Pass the Cracker Jacks.
Song of the Day: Sherry, words and music by Bob Gaudio, was recorded by The Four Seasons and became a #1 Hit on this date in 1962 (it was a #1 R&B hit too). And so begins our 10-day tribute to Frankie Valli and the Four Seasons, which, of course, will also coincide with a change from one season to another. Listen here to an audio clip of this nostalgic hit. Having seen the Tony-winning Best Musical of 2006, "Jersey Boys," I can say that the moments leading up to the performance of this song in that production, and the performance itself, moved me to tears. It's a wonderful pop song in a wonderfully entertaining and poignant musical.
Song of the Day: Tarkus is a classic progressive rock composition by Keith Emerson and Greg Lake, featuring several movements ("Eruption," "Stones of Years," "Iconoclast," "Mass," "Manticore," "Battlefield," and "Aquatarkus"). Listen to an audio clip from this energetic, jazz-inflected opus by Emerson, Lake and Palmer.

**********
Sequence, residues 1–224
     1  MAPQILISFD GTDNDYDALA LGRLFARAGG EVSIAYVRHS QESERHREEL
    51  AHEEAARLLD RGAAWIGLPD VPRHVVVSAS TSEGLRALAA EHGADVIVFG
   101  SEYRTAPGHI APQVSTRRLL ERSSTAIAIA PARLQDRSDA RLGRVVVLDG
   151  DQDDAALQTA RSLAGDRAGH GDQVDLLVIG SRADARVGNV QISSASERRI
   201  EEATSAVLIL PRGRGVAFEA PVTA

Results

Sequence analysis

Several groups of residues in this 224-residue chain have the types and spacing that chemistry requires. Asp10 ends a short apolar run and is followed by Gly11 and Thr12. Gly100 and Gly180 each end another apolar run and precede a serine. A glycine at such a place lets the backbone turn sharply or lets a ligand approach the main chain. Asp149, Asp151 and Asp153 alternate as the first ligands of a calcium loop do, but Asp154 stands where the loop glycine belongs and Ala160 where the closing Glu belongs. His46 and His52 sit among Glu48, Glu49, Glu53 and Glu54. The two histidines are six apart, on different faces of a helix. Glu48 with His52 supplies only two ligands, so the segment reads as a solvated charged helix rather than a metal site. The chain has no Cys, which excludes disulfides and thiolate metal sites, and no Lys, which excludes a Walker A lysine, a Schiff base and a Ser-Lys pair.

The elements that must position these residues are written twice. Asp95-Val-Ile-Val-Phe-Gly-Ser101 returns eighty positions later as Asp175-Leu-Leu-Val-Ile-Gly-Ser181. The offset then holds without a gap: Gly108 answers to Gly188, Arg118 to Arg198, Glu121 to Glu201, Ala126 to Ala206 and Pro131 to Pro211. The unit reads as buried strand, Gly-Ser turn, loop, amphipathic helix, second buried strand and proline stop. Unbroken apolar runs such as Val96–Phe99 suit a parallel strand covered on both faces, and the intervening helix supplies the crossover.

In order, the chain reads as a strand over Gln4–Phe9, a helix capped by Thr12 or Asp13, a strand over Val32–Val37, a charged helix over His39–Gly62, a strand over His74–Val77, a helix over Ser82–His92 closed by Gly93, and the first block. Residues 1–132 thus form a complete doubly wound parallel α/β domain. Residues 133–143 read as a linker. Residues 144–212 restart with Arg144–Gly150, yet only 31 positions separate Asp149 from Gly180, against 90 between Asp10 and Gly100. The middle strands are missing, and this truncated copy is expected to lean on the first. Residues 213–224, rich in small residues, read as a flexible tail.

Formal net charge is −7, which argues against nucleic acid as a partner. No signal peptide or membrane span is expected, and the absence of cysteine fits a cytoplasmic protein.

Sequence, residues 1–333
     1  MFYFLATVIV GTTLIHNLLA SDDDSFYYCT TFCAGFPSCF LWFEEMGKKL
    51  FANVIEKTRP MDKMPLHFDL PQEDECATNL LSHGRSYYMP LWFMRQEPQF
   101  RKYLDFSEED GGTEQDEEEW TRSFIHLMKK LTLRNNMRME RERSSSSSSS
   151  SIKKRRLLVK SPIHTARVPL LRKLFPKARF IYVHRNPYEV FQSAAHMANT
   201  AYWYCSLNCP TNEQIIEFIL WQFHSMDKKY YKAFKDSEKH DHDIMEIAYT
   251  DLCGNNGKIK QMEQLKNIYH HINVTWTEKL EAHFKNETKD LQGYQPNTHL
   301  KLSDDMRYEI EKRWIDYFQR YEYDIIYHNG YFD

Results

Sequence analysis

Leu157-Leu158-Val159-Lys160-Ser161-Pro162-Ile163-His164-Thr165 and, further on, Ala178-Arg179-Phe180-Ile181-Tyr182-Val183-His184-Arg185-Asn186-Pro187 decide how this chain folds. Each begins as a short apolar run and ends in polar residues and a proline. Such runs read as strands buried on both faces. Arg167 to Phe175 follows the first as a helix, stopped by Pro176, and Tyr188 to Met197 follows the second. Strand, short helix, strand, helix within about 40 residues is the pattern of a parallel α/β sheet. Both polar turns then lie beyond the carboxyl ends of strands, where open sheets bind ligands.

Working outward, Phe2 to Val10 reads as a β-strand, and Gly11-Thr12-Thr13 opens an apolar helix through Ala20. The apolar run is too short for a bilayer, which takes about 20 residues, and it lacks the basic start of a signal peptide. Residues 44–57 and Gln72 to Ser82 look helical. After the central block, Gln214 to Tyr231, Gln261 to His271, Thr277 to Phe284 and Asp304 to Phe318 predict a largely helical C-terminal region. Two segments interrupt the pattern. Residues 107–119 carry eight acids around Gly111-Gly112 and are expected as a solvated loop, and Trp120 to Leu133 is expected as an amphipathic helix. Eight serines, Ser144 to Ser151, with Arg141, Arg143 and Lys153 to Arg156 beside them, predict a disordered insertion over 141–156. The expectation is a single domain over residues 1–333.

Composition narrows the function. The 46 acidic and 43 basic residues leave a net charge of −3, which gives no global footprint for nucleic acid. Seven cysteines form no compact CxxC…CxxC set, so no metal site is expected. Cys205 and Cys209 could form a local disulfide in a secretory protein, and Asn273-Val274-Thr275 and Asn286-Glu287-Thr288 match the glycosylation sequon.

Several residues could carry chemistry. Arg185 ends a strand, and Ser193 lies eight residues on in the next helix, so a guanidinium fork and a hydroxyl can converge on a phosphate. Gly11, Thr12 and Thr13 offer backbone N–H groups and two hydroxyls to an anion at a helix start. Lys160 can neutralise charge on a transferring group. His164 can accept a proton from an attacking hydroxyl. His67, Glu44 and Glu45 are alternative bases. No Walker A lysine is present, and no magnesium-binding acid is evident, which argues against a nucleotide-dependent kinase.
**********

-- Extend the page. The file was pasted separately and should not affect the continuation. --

Song of the Day: I Didn't Know What Time it Was, music by Richard Rodgers, lyrics by Lorenz Hart, was heard in the 1957 film, "Pal Joey" (yes, another one from that production). The song was actually not heard in the original 1940 Broadway production of "Pal Joey"; it debuted in the 1939 Broadway show, "Too Many Girls." Among the many versions recorded, listen to audio clips of renditions by Tony Bennett, Peggy Lee, Anita O'Day, Gogi Grant, Betty Carter, and Bobby Darin.
Song of the Day: Smooth Criminal, words and music by Michael Jackson, was a featured selection on his album, "Bad." The video was cool too. As a DJ back in the '80s, I used to create my own dance-floor packin' house remix of this song by interlacing the "a capella mix" with the Inner City hit, "Big Fun." Listen to an audio clip of the original recording here.